When I googled Sugar Queen, not tons came up. Wikipedia didn’t even have a page for her, for godssake. But I did notice a promising recipe from 2010 from the Seattle Times. An heirloom melon gazpacho. And lo and behold, that heirloom melon called for in the recipe was my Sugar Queen. In total me form, I only glanced at the ingredients to make sure I had everything I needed. I did not, however, actually read through the entire recipe. It’s a terrible habit of mine that bites me in the arse more often than not. Had I read through the recipe I would have noticed that it was very poorly written with steps and ingredients missing in the directions. It even had an added ingredient that was not listed in the ingredients. So what ended up happening was some pretty awesome riffing and improvising. A lot of tasting and adding this and that and some of that over there and a little more of this. At one point I couldn’t figure out why the vinegar was so strong and recalled that white wine was listed in the ingredients but never mentioned in the directions. So I added the white wine and it completely balanced the acid of the vinegar - and without making the soup taste like white wine at all. Science, I tell you.

What I came up with is pretty great. It’s sweet, yes. But it’s nuanced and complex. It’s lovely and also smart. It has notes that dance around on the tip of your tongue that are simple yet unrecognizable. It’s seemingly obvious to describe but right when you try, the words float right out of your consciousness, rendering you into a stumped stutter. It smells really beautiful. Just like us women...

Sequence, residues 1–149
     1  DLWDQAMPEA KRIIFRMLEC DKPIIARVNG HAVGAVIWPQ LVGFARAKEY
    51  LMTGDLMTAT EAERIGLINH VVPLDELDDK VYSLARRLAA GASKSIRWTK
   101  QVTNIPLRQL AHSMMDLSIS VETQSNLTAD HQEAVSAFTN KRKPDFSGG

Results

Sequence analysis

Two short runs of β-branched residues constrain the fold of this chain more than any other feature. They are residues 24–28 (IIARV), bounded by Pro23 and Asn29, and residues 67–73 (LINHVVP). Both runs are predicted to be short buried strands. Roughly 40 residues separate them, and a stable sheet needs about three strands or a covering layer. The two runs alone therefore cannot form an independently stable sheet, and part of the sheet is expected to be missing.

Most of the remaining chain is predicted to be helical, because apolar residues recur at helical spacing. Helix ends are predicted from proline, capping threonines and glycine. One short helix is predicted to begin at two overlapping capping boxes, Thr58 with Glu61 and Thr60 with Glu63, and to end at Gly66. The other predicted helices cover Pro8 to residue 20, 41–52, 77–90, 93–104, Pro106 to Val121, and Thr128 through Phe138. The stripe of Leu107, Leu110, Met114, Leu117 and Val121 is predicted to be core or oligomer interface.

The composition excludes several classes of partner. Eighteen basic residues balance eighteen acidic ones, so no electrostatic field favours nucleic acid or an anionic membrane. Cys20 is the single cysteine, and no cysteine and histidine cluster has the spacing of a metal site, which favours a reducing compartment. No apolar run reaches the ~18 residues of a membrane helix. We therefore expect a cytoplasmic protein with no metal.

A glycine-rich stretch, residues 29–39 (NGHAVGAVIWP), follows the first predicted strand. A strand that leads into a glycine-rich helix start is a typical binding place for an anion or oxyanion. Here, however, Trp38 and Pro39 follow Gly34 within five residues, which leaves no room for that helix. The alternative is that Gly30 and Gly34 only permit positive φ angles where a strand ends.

I think this soup is best served as a small portion, perhaps even as an amuse bouche.
 
Heirloom Melon & Tomato Gazpacho
Serves 6
Ingredients
2 cups cubed French baguette, all crusts removed, and cut into small cubes (about 1 baguette), divided
1/4 cup white wine
2 tbsp Champagne or sherry vinegar
4 cups cubed, peeled and seeded melons (preferably heirloom, such as Sugar Queen, butterscotch, Ogen, Ananas)
1 cup chopped, ripe tomatoes
1/4 cup diced shallot
1 tbsp chopped, fresh chives
2 tbsp purple basil
1/4 cup extra-virgin olive oil, plus extra oil for frying the croutons
3 dried bay leaves, ground to a powder
1 tsp dried sage
1 tsp celery salt
Sea salt & fresh cracked black pepper to taste
Walnut oil to garnish
1/2 cup ice cubes, or as needed


Directions
In a bowl, soak 1 1/2 cups cubed bread in the vinegar.
Meanwhile, using a blender or food processor, purée the melons, tomato, shallot, chives & basil. Add the soaked bread and vinegar to the food processor and purée until completely smooth.
With the motor running, slowly add the wine, one-fourth cup olive oil, then the ground bay leaves. Taste, and adjust the seasoning with sage, celery salt, sea salt & pepper.
If the soup is overly thick, add a few ice cubes and purée until the desired consistency is achieved. Taste and adjust seasoning with salt and vinegar.
Transfer the soup to a nonreactive metal bowl and chill before serving. This makes about 4 cups soup.
While the soup is chilling, fry the garnish. Pan-fry the remaining cubes of bread in a hot skillet with a little olive oil until evenly toasted and golden brown. Season to taste with a light sprinkling of salt and.
Serve the soup, garnished with a few croutons and a drizzle of walnut oil.


One year ago: Beer Braised BBQ Pork Butt
Three years ago: Charred Hanover Tomato Soup with Lump Crab